News Briefs: Jan. 28, 2019 | Inquirer News

News Briefs: Jan. 28, 2019

05:30 AM January 28, 2019

Comelec defers printing of ballots by one more week

The Commission on Elections (Comelec) will have to postpone the printing of the official ballots for the May 2019 elections by one more week.

Comelec spokesperson James Jimenez said the printing could not start yet this week despite the release of the list of candidates over the weekend.

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“It will be at least one week from today,” Jimenez said.

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“Our IT department still has to load the names [of candidates] into the Election Management System (EMS). The EMS needs about a week to process the information,” he explained.

The EMS contains details such as ballot design, voter information and polling precincts. The printing  was originally scheduled for Jan. 22. —Tina G. Santos

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De Lima: Prioritize bill on conditional cash transfer

Detained Sen. Leila de Lima on Sunday urged her colleagues to prioritize the proposed measure formalizing the government’s conditional cash transfer program to curb poverty in the country.

In a statement, she said Senate Bill No. 2117, which would institutionalize the Pantawid Pamilyang Pilipino Program as an antipoverty strategy, was already tackled in plenary debates.

“I therefore urge my colleagues in the Senate to pass it without delay,” De Lima said.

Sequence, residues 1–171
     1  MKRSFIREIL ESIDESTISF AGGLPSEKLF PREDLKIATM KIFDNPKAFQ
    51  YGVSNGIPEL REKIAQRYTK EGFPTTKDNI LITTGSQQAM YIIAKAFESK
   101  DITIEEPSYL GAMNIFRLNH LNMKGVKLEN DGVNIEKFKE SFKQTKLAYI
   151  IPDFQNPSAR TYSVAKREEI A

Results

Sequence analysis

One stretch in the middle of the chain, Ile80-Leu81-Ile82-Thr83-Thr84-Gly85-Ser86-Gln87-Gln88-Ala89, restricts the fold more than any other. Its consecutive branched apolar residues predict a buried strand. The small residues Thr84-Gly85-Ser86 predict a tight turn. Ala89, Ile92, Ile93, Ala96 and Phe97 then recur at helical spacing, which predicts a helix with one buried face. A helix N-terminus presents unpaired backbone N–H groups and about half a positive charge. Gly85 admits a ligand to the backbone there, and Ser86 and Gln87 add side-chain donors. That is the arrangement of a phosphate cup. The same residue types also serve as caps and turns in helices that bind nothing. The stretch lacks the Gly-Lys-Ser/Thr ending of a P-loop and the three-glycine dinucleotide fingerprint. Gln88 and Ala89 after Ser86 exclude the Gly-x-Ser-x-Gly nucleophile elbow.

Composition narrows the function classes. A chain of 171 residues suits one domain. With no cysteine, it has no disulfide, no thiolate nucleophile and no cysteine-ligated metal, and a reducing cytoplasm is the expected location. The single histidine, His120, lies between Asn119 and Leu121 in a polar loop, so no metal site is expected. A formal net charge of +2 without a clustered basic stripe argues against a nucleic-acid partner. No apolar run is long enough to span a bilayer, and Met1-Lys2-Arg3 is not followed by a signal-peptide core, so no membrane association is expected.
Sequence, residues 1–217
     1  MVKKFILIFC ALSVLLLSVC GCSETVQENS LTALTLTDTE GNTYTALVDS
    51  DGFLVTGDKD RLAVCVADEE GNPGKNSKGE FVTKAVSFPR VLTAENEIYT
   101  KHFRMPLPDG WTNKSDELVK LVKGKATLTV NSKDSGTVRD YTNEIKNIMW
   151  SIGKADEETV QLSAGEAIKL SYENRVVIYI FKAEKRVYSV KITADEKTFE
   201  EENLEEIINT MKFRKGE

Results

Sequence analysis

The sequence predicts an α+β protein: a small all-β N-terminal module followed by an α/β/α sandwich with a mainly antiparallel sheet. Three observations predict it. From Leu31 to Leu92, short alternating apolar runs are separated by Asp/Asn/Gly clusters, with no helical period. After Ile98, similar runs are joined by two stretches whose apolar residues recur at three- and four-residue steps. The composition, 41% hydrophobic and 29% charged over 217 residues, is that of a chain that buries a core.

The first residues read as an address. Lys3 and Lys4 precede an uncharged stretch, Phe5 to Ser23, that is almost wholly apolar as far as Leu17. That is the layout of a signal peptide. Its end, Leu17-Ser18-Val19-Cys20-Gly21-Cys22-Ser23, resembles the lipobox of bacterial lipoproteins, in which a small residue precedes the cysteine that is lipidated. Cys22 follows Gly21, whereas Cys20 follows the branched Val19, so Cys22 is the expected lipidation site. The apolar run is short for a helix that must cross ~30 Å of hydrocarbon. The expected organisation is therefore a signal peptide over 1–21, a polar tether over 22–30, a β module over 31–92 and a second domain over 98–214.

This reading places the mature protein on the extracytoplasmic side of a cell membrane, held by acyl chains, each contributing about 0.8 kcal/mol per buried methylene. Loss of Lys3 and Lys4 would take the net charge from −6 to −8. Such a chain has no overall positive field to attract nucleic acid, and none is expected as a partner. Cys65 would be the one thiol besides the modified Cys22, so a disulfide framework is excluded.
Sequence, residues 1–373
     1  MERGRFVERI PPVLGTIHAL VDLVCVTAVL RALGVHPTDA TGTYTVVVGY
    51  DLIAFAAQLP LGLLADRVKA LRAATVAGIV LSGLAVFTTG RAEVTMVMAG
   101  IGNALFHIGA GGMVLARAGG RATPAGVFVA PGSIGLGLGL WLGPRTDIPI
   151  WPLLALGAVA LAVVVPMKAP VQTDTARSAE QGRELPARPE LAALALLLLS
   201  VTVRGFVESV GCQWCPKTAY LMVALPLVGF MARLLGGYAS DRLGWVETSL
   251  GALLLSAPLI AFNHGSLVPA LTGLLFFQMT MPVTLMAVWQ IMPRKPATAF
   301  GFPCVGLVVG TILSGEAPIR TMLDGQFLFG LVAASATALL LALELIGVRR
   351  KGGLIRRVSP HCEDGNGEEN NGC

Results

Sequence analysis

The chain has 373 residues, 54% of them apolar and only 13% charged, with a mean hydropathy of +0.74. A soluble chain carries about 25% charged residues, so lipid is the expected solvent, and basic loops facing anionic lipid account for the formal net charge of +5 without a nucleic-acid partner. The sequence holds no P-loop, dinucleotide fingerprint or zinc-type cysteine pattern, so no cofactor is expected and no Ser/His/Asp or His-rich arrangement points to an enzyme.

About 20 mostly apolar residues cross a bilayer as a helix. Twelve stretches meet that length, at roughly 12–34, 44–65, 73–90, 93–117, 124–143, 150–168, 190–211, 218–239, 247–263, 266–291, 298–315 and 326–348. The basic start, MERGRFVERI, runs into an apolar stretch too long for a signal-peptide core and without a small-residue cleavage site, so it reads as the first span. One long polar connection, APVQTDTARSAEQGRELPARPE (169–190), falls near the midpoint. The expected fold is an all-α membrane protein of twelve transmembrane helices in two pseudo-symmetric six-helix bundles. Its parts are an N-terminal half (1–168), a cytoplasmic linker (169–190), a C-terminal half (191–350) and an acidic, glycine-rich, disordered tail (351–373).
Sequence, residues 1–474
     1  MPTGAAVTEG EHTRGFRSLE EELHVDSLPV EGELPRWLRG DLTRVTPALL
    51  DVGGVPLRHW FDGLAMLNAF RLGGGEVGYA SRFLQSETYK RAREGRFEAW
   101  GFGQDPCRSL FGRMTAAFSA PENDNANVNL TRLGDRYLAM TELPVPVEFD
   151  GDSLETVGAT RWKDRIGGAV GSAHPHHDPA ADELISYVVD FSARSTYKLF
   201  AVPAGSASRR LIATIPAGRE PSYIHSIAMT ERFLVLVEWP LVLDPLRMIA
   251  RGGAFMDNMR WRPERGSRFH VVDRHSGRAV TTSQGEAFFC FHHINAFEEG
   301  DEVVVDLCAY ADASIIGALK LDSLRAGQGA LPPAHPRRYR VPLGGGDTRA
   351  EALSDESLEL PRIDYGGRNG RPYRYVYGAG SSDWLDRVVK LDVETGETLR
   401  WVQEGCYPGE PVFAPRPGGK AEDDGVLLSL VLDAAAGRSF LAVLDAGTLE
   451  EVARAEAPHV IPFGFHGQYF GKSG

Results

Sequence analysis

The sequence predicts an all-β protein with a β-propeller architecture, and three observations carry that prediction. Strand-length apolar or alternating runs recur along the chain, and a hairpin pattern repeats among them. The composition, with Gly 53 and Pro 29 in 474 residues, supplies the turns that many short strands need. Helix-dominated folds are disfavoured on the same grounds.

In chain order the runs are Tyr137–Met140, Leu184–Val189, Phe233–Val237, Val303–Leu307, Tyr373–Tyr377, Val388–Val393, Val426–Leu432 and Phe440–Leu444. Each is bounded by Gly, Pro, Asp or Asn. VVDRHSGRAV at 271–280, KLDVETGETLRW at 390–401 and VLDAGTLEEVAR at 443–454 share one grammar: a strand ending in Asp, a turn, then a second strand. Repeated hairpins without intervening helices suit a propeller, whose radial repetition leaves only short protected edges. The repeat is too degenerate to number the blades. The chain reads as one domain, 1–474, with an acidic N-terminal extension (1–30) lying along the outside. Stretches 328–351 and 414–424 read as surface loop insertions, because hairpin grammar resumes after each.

Under the measure, indigent children in preschool and grade school will receive P300 a month while those in junior high school will get P500 a month for 10 months. —Marlon Ramos

SC to revise rules of court on civil cases by 3rd quarter

The Supreme Court will revise the 22-year-old court rules on civil cases by the third quarter of the year.

The tribunal has put to work a committee of nine law experts led by Associate Justice Diosdado Peralta to bring the rules up to date with “technological developments” and clear the causes of delays in the litigation.

Civil cases usually involve private disputes.

The Rules of Civil Procedure were put into effect by the Supreme Court in 1997.

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“We will make the judicial system responsive to the public need for quick dispensation of justice,” said Chief Justice Lucas Bersamin. —Dona Z. Pazzibugan

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